(The National Curriculum in England. Key stages 1 and 2 framework document. September 2013)

Learning Mentor

In September 2012, we introduced this new role to school and have found it to be invaluable! Mrs Livingstone works extremely hard to provide a wide range of support within school, which is offered to all of the families within our community.

Often she spends time with children who, for whatever reason, may need some support emotionally. This is always done in conjunction with families, who are involved in discussions, to help maintain strong home-school links. She is available daily for people to talk to should they feel the need to come and have a chat.

Mrs Livingstone also works closely with outside agencies such as our Family Support Worker, whose role it is to support families through personal situations.

What our families say…

‘I think that Mrs Livingstone’s new role is invaluable, and the way she offers her support in an empathetic and approachable way, is wonderful.’

‘I like talking to Mrs Livingstone about my worries and concerns.’

‘Mrs Livingstone has such empathy and really gets to know your child. She offers help and techniques, an amazing service to have at school. Thank you!’

‘I feel safe and comfortable to talk things through.’

‘Very supportive, very approachable and so helpful to the children and parents alike.’

‘I am more confident now with friendships and dealing with arguments with my classmates.’

‘I believe the role is a great asset to the school and a very necessary position.’

‘It’s great to know she’s there to go and talk to if I need it.’

‘I think that communication is key for children to express themselves and not to bottle up their worries. It’s so good to know they can confide in someone other than a family member that can offer sympathetic, impartial support and let them know it’s ok to feel sad sometimes.’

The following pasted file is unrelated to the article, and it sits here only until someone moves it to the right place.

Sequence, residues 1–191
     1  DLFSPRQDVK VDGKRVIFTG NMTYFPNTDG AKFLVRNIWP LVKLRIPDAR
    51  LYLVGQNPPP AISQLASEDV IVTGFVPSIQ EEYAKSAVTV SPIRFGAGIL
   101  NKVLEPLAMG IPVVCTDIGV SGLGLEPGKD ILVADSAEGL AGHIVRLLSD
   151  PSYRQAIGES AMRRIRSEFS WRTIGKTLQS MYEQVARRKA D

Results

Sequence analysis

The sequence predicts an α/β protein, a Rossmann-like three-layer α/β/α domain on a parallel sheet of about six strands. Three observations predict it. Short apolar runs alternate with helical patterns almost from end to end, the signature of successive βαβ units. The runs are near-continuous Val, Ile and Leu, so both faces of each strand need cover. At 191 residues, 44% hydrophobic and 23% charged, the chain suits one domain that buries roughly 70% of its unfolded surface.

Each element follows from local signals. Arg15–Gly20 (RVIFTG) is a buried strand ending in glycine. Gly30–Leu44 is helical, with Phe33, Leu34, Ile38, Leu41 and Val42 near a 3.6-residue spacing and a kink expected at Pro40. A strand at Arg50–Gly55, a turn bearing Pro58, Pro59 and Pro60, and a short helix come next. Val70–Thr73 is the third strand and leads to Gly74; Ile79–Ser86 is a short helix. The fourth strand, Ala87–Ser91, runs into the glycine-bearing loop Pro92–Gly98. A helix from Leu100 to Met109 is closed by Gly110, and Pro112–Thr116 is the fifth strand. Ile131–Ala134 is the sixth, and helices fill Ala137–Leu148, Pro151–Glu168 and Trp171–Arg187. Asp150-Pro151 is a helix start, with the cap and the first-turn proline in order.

‘I think that having another adult to talk to has made a huge difference with different actions, reactions, options and explanations.’

‘I really appreciate all the help, support and advice from your team.’

‘Excellent support and knowledge.’


Teaching Assistants (TAs)

We are fortunate to have a very strong body of teaching assistants who support learning across the school in many different ways. They work exceptionally hard to help provide the best provision possible for our children.

-One-to-one support.

-In-class support.

-Learning mentor role.

-Small group work.


One-to-one support is usually for children with a statement of educational needs. These children benefit from specialised support from TAs skilled in providing the care and assistance they need to be able to access the curriculum as fully as possible.

Sometimes, other children will receive short bursts of individual support. This is determined in collaboration with teachers, Senco, Inco and parents if necessary.


In-class support:

Most classrooms benefit from in-class support provided by TAs who are directed by the class teacher. Children gain invaluable support this way, through working one-to-one with a TA or in a small group, within the classroom setting.


Learning mentor role:

Please refer to Learning Mentor role link above.


Small group work:

Some children may be supported in a small group intervention which runs outside of the classroom setting for a brief period of time. This is monitored and regularly reviewed to assess its effectiveness and to ensure children do not repeatedly miss the same lesson in class.